As identified by Cecilia Powell,1 with the page used vertically there are four related River Danube views here, one above the other, with smoke from a distant steamer evident in the last. A fifth view, with the page turned horizontally, is addressed below. Discussing Turner’s Danube route between folios 31 verso–38 recto (D30059–D30072;2 like much of this sketchbook, apparently used in reverse of their present foliation), Powell has observed that within a brief stretch of two or three miles his ‘most intensive sequence of sketches, occupying fourteen pages, was made during the steamer’s cautious passage upstream from St Nikola to Grein, past the Wirbel and the Strudel’3 (both translating as ‘whirlpool’). These hazardous rapids, shown on old maps respectively east and west of Struden and nearby Burg Werfenstein, no longer exist following the elimination of associated rocks to improve navigation later in the nineteenth century.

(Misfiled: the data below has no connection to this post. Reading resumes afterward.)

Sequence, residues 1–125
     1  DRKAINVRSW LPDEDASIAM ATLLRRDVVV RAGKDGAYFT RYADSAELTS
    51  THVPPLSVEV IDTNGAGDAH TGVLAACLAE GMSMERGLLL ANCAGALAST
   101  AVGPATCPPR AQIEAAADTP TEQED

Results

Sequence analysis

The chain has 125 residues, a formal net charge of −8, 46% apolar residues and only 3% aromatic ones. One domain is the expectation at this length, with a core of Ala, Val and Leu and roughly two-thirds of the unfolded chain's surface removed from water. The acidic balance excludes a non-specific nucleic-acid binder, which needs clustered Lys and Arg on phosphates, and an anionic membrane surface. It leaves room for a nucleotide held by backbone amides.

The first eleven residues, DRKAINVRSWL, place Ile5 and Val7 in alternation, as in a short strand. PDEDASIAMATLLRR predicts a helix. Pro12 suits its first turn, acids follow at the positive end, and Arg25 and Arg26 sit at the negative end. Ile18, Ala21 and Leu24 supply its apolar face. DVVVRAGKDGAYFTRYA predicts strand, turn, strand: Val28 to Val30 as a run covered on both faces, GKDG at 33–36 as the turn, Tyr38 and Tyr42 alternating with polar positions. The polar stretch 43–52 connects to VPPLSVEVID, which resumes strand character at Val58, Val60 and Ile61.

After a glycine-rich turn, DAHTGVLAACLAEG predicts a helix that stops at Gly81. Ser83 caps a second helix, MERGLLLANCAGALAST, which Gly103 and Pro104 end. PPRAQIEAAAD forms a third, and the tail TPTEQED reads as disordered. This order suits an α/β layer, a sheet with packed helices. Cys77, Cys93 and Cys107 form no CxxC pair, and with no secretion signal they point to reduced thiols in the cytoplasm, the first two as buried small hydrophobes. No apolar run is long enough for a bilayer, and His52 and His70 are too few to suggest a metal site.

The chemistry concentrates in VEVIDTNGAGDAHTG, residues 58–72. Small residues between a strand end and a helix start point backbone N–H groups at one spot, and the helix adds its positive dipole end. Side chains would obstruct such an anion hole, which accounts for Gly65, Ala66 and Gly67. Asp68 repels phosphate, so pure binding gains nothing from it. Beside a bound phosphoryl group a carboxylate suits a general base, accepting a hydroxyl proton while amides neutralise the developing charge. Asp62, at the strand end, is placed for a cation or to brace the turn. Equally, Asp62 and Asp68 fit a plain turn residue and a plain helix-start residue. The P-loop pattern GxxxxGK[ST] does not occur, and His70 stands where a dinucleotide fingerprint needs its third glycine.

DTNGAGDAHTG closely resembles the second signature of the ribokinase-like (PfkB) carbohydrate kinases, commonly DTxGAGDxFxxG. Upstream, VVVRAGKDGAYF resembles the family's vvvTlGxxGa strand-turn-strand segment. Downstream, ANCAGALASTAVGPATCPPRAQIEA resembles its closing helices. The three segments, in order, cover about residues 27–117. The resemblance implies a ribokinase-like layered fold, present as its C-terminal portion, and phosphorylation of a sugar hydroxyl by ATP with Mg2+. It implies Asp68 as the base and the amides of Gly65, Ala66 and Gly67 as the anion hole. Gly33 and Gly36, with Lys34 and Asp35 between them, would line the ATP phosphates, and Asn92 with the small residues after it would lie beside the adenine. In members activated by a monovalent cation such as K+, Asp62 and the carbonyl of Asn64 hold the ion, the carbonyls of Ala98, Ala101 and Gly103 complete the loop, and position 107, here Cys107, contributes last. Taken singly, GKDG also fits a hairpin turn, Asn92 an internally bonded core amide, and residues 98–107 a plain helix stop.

For other views around the Strudel and the adjacent Insel Wörth, with its ruined castle, see folios 32 recto–36 verso (D30060–D30069); see also the 1833 Salzburg and Danube sketchbook (Tate D30249, D30251–D30252; Turner Bequest CCC 60a, 61a, 62). Fortuitously, Turner had recently made thumbnail sketches of existing prints of the subject; see folios 12 verso and 13 recto (D30025–D30026). For the Wirbel, see under folio 37 recto (D30070).
The fifth drawing, at right-angles along the gutter, shows the imposing Schloss Greinburg (somewhat inaccurately labelled ‘Krennenburg’), north-west of the tight bend at Grein, about a mile to the west of the Strudel. For other views from this journey and 1833, see under folio 15 verso (D30031). Although Turner’s route upriver was straightforward, his somewhat haphazard use of this book to record it was not. For the geographical sequence of identified views between Vienna and Passau (see under folios 40 recto and 31 recto; D30076, D30058), see this sketchbook’s Introduction.
- River Danube(125)